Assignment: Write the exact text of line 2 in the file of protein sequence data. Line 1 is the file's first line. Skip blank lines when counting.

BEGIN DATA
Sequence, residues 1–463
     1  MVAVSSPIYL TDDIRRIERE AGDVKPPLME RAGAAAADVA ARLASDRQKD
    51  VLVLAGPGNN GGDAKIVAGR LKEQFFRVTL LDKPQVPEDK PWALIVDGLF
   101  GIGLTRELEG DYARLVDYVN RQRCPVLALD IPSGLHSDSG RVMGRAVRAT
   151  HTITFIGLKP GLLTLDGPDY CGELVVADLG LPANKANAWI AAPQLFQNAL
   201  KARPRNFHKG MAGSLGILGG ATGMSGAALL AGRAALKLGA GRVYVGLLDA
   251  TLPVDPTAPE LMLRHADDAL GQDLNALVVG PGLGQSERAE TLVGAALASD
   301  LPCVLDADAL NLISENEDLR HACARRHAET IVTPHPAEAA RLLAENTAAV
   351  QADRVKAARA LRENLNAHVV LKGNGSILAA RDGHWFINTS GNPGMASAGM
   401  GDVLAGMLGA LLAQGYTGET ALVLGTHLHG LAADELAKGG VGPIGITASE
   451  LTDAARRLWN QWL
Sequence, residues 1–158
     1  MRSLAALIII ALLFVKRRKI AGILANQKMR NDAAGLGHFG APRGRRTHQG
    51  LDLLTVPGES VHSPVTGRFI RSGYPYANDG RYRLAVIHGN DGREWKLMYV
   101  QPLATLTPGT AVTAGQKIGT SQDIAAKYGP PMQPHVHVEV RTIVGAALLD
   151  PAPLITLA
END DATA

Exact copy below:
     1  MVAVSSPIYL TDDIRRIERE AGDVKPPLME RAGAAAADVA ARLASDRQKD